In other words, they were told to hand over more cash to buy an instrument that is worth less than half the money being paid for it.

The other parents have had similar frustrations where they are being told they have to give up 1/2 of their rental credit if they want to buy this instrument over here or that they outright can’t buy that instrument over there with any part of their credit.

And almost all of the violins available below $2,000 on Music & Arts are bad buys. Most are outfits that come with cheap bows and that will lose 1/2 or more of their value the moment you hand over your cash and rental credit for it.

Rent from Shar Music or Your Local Luthier

Shar Music has a decent rental program for beginner violins and violas. All they do are bowed string instruments, so they really know their product. They are the budget option in beginner violins and violas, as you can see from the table above. While they are ‘the budget option’, the instrument you get will still be well suited to your needs. They also offer the option rent nicer beginner violins (for an appropriately higher monthly fee), if you want to.

Shar offers better rental equity terms than its competitors. If you are going to rent from them, I recommend sticking with the lowest level. The lowest level will give you all the violin or viola you or your child needs to make their start. When it is time to buy, go ahead and buy a nicer instrument instead of doing a buy-out. If you do a buy-out, the best case is you overpay by 25%-40% of the actual value of the rental. If you buy an new instrument, you essentially get your rental and the new instrument for the price of the new instrument – no money wasted!

Antonio Strad Violin is the other online rental option. They paint themselves as up-market and the price reflects that. Their rental terms are also not as good as Shar’s. For this reason, I recommend avoiding them.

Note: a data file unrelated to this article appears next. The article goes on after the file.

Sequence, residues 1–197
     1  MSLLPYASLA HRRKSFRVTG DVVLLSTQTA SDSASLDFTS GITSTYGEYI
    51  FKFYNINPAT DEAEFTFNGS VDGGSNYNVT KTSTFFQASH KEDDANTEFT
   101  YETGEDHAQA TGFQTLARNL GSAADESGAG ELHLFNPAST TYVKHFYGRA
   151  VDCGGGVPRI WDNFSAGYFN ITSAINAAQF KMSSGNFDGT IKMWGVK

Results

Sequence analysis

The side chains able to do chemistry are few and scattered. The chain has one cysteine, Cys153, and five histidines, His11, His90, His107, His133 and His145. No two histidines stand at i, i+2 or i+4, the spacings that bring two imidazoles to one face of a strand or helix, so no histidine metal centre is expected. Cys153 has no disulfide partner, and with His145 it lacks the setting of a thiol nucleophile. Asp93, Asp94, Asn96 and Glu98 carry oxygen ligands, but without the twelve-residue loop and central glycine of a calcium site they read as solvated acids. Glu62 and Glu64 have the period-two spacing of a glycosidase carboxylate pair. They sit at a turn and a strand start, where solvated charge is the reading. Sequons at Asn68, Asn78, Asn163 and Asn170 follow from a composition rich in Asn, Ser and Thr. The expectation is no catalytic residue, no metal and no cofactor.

And then there is your local luthier. Not all violin shops have rental programs, but many do. If you Google ‘local violin shop’, you should be able to find the ones near you.

Some music schools also rent instruments. Be mindful that you are not over-paying, however, as sometimes folks can be tempted to add in an extra ‘convenience’ charge.

Plan to Rent for No More than 3 to 6 Months

Regardless of who you rent from, plan to rent your beginner violin or viola for no more than 3 to 6 months, a year at most. Keeping the rental period short minimizes the sunk costs associated with renting. If you are renting from Shar, renting for 3 to 6 months can actually be a zero loss proposition as they allow you to apply 100% of your rental payments (rental equity) towards the purchase of a nicer model instrument. Remember, renting at the outset is primarily a risk management thing. Once you know this is a longer-term commitment, you have no reason to keep managing the risk; you are ready to commit. At 6 months, you have still spent less than $200, leaving you in good position to go ahead and buy a $240 to $400 beginner instrument (see here on how much to spend).

The only exception to this rule is when renting for kids age 3 to 6 who are on the tiny violins, 1/8th size and smaller. For kids in they age and size range, it is best to just rent for how frequently you will be upping sizes.

If you are wondering if your child is in it for the long-haul (or longer-haul, at least), ask this question: Do you hear them playing or practicing a couple times a week still at 6 months in? Do they fight you when you remind them to practice (as most kids need reminding), or go eagerly to it? If so, then it is a safe bet you can buy. Same if you are wondering for yourself.

If you don’t hear your child playing or practicing very much any more after 3, 4 or 5 months, then ask them about it. If they tell you they stopped because “they don’t enjoy it” or “didn’t want to anymore”, then there is your answer. Time to send the violin/viola back. If you are the aspiring-musician, you’ve stopped playing, but you know it was because you’ve gotten busy, then you have a harder choice to make. If you really enjoyed playing when you were able to play and keep pining to get back to it, then buying is probably a safe, if not wiser idea.